Happy SysAdmin Day (despite the pay)

Wages, job prospects down for techies who keep servers, networks running

Today is System Administrator Appreciation Day, but the IT workers who keep corporate desktops, servers and networks running don't have much to celebrate.

In the past year, their pay has dropped, and more of their positions are being farmed out to temporary workers.

Have you hugged your SysAdmin today?

Indeed, experts say that wage prospects for entry- and mid-level technical workers are the weakest they have seen in nearly a decade.

"The biggest surprise that we've seen is that demand is rising for technical workers, including systems administrators, developers and systems engineers, but that wages have flattened out," says Joel Capperella, senior vice president for client solutions at Yoh Services.

Tech workers are trapped in what's called "an inverted wage curve,'' according to a report released this week by Yoh Services.

This rare trend occurs when demand for skilled workers is increasing, while wages are decreasing. Usually -- according to the economic law of supply and demand -- increased demand for a particular set of skilled workers results in rising wages.

Yoh reported that wages for technical workers were down 3% in June 2010 when compared to June 2009. Meanwhile, overall demand for skilled technical workers has increased across the industry segments that Yoh tracks, including IT, life sciences, engineering, health care, aerospace and defense.

"Tech workers are weary about their employment options and seem to be capitulating on salary," Capperella says. "That's what's driving the stall in wages. Unemployed workers are giving up on meeting their salary demands…People are considering entry-level jobs who normally wouldn't take them. For 18 months, they've been holding off. But, with a recovery still on the horizon, they're looking to take cover with a lesser job."

Yoh reports that U.S. corporations have increased their use of highly skilled temporary employees, but the rate they are willing to pay this workforce has fallen.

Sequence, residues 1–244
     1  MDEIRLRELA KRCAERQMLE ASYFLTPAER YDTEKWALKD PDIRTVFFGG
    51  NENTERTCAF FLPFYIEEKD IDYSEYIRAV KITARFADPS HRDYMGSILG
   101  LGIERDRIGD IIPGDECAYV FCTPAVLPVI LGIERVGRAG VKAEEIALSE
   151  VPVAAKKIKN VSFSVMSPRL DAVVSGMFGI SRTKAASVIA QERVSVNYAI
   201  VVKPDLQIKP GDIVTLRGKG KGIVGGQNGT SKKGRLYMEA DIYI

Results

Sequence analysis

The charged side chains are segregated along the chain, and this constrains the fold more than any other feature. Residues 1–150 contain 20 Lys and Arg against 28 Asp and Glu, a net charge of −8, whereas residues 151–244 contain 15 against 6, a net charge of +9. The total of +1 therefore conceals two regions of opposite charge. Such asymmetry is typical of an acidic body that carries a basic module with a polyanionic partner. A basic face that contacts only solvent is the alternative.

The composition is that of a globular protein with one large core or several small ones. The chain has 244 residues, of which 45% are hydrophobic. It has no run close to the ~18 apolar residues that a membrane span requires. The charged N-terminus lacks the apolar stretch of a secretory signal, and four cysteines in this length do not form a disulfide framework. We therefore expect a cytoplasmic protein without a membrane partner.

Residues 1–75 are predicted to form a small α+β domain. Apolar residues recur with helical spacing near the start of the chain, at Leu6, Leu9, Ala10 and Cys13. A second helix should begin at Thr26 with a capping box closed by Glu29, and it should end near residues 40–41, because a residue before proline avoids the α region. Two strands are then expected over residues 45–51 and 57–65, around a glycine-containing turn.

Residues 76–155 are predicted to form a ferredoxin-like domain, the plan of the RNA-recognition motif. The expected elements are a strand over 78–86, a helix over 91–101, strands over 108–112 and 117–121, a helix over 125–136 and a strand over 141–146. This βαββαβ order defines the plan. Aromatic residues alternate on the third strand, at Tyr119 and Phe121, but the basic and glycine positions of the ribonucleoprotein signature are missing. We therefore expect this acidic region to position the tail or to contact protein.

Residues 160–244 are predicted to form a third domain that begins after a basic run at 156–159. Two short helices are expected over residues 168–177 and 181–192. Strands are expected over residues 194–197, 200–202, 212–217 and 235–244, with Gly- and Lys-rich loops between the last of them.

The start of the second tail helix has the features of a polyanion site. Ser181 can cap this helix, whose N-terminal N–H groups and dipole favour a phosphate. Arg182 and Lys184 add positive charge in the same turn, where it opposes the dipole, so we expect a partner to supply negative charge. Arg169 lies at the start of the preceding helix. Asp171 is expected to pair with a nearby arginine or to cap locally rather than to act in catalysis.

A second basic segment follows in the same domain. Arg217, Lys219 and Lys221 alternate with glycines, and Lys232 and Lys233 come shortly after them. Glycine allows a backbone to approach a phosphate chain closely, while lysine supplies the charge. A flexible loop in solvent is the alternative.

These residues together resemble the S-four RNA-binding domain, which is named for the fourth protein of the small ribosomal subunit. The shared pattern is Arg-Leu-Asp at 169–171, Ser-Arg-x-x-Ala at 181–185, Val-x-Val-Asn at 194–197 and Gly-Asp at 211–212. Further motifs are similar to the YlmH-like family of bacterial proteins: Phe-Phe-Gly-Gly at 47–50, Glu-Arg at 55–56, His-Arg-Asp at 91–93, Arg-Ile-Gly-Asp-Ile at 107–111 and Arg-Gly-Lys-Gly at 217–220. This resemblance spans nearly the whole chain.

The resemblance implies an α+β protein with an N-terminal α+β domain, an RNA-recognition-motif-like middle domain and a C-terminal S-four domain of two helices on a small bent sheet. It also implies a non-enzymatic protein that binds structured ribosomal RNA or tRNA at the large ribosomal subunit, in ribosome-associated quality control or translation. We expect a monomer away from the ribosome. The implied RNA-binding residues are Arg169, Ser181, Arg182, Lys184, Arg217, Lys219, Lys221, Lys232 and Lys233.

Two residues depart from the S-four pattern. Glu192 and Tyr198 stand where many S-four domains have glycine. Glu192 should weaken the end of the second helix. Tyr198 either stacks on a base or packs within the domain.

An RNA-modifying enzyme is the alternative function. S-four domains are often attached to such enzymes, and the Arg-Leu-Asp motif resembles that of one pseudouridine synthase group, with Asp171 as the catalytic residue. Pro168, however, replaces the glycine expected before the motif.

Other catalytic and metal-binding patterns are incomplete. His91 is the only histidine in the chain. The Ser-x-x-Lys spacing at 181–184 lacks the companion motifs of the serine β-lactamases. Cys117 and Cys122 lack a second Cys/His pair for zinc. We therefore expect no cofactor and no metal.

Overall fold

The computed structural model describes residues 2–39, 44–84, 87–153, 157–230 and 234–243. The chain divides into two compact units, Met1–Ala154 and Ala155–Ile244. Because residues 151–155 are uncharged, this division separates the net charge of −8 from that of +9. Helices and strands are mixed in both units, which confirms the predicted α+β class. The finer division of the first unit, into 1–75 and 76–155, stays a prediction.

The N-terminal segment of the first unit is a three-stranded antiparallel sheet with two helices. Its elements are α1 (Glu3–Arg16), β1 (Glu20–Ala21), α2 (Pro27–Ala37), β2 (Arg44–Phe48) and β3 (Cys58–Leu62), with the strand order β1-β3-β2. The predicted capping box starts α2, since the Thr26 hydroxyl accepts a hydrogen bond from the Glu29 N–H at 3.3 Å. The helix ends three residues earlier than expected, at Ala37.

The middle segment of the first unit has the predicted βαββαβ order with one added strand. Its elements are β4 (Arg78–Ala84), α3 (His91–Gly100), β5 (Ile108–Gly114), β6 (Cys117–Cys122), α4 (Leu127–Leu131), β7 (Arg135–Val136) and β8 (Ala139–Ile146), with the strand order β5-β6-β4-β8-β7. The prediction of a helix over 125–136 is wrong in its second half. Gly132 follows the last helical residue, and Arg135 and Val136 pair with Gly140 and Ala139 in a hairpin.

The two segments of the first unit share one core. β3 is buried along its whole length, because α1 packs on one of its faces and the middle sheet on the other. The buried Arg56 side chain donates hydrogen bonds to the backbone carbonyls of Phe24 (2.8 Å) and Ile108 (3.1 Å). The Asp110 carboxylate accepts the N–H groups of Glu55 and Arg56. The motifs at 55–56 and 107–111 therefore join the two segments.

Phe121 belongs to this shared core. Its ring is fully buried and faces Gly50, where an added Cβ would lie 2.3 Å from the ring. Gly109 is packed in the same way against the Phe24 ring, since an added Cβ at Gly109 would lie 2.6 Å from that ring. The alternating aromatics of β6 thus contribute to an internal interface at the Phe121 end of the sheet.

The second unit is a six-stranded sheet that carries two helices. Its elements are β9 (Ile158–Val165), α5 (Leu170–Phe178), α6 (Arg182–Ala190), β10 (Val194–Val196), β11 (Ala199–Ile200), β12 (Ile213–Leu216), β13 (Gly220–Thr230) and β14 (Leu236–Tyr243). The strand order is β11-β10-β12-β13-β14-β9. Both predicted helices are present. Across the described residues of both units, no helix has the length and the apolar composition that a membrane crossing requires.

"We see an increase in temporaries because companies want flexibility," Capperella says. "The turnover of temporary-to-permanent jobs happens less often than before the recession, but it is better than it was a year ago. My advice to systems administrators who are eager to change jobs or eager to get back into the workforce is to take a job even at lower pay. Losing 3% of your wages isn't that big of a deal."

These trends are good for the CIO, if not so good for the IT staff.

"With skilled employees willing to work for less, employers have the opportunity to lock in labor — even if it is on a temporary basis — at opportunistic wages and rates," Yoh Services says.

Taking this trend one step further, Yoh argues that being able to pay low wages will help U.S. corporations drive up their quarterly earnings.

"To realize such earnings potential, companies must take advantage of this suppressed wage environment while it lasts by accelerating projects once moth-balled due to a deep worldwide recession," Yoh advises. "The deployment of temporary, highly skilled teams of professionals is one way to accomplish this goal while side-stepping the risks of long-term commitments in a still unstable economy."

July 30 is the 11th Annual Systems Administrator Appreciation Day, which occurs on the last Friday of July. Ted Kekatos, an IT manager with a small start-up, created this holiday in 2000 as way of getting recognition for his team's work.

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